This is the transcript for episode 424 of the Community Broadband Bits podcast. In this episode, Christopher Mitchell speaks with Jeff Christensen of EntryPoint Networks about open access networks. Listen to the episode, or read the transcript below.
Jeff Christensen: You start to open up the hood of the engine and a lot of things become possible if the system's an open system.
Ry Marcattilio-McCracken: Welcome to episode 424 of the Community Broadband Bits Podcast. This is Ry Marcattilio-McCracken here at the Institute for Local Self-Reliance. Today Christopher talks with Jeff Christensen, president of EntryPoint Networks, a consulting and software company working with communities around the country, including Ammon, Idaho and their open access network. Jeff shares with Christopher some of the software upgrades EntryPoint has developed over the last year and the impact they'll have both for administrators and users moving forward. Christopher and Jeff then dig into the future of state telecommunications policy and the vision that communities need to have, to confront the realities of existing cable and telecom monopolies around the country.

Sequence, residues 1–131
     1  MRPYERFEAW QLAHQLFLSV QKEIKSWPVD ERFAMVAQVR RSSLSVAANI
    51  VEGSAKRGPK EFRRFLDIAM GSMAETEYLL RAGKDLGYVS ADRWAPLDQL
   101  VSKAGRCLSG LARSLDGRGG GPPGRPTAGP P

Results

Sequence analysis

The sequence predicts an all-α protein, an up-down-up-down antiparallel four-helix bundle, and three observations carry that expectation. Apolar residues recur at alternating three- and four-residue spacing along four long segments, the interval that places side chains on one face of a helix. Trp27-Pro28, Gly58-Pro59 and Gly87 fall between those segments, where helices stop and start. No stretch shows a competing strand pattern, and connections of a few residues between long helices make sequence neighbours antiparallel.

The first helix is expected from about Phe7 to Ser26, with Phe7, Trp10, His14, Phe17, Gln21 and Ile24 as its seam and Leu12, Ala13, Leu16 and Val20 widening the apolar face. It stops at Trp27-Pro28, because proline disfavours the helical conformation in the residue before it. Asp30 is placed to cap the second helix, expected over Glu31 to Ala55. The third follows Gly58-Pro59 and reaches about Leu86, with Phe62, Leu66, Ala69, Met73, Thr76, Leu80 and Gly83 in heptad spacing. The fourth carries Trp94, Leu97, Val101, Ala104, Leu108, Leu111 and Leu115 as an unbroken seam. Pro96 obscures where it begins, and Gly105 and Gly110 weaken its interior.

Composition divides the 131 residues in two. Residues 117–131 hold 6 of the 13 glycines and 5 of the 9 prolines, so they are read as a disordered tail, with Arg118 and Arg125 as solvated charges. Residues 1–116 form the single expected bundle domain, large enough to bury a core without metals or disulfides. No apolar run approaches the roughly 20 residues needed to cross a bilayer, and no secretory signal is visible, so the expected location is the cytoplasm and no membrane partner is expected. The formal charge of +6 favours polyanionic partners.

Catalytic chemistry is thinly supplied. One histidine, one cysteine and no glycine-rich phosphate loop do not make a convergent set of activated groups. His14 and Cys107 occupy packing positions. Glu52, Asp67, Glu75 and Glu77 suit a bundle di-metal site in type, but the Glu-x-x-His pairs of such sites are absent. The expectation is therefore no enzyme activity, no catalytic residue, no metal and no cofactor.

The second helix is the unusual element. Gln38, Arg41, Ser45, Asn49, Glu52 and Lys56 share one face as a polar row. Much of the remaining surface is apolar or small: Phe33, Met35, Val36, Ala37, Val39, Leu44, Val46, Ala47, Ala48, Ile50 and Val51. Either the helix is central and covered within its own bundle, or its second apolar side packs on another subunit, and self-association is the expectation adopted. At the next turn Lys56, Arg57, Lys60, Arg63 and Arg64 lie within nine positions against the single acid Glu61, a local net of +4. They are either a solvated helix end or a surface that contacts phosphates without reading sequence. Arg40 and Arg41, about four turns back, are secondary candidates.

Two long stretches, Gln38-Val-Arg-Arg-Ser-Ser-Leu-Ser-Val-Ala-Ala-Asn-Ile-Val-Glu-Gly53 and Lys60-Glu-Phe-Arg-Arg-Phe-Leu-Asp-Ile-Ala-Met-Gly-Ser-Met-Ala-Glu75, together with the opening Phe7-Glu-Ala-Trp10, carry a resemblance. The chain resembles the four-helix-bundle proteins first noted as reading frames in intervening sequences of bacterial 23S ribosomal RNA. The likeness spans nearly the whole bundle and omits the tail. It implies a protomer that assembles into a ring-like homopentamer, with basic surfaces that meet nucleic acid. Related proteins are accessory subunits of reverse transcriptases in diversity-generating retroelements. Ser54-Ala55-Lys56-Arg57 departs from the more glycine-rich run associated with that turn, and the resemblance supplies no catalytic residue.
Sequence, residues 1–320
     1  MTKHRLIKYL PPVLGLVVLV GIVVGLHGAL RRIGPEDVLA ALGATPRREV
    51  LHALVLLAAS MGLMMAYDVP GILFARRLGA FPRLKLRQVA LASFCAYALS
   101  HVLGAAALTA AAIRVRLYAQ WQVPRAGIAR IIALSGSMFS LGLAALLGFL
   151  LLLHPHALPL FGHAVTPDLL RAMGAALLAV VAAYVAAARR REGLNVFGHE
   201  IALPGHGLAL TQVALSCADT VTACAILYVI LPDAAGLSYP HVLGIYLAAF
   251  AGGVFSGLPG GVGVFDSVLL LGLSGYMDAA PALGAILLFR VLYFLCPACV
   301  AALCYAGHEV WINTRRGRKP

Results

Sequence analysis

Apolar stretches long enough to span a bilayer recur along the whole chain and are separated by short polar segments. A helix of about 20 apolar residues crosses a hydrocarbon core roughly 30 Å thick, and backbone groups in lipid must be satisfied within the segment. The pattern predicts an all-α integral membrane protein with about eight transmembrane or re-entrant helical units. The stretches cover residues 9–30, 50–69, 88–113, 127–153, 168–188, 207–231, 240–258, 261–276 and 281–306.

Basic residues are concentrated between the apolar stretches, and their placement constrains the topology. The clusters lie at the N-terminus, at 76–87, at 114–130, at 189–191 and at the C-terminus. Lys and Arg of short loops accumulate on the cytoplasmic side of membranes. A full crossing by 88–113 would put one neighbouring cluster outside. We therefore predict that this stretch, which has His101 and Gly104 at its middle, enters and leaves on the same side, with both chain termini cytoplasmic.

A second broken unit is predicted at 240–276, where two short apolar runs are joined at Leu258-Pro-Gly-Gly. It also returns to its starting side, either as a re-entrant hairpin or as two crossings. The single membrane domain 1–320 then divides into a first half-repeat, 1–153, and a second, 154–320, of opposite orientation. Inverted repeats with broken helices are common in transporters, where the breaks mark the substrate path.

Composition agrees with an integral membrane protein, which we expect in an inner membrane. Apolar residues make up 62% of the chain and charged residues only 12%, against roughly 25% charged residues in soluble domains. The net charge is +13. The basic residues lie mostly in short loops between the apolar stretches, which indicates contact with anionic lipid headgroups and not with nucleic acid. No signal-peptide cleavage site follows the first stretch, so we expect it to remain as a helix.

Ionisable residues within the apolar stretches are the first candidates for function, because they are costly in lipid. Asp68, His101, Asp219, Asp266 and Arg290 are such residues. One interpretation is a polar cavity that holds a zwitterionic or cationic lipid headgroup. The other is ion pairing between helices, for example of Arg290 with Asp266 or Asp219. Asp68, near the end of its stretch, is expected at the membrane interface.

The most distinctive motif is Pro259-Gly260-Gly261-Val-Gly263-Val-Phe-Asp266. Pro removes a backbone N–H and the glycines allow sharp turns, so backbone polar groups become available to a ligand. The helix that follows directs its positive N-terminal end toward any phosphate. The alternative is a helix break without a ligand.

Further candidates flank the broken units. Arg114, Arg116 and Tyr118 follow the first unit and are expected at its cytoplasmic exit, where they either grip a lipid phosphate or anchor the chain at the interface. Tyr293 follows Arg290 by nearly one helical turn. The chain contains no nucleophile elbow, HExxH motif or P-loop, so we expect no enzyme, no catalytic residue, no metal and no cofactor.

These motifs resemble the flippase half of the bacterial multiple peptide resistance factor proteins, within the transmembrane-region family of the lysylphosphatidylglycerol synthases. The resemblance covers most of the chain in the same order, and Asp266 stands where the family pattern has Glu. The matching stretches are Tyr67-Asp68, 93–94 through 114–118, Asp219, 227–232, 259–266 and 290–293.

Ry Marcattilio-McCracken: They talk about the potential of government policies that promote competition, rather than restrain it. And the possibilities for network innovation if we were to reframe how we think about Internet access, so infrastructure and service become separate components. Finally, they spend some time discussing practical steps communities can take, including defining the problem and then making low interest loans to build open access fiber networks in their region. Now here's Christopher talking with Jeff Christensen.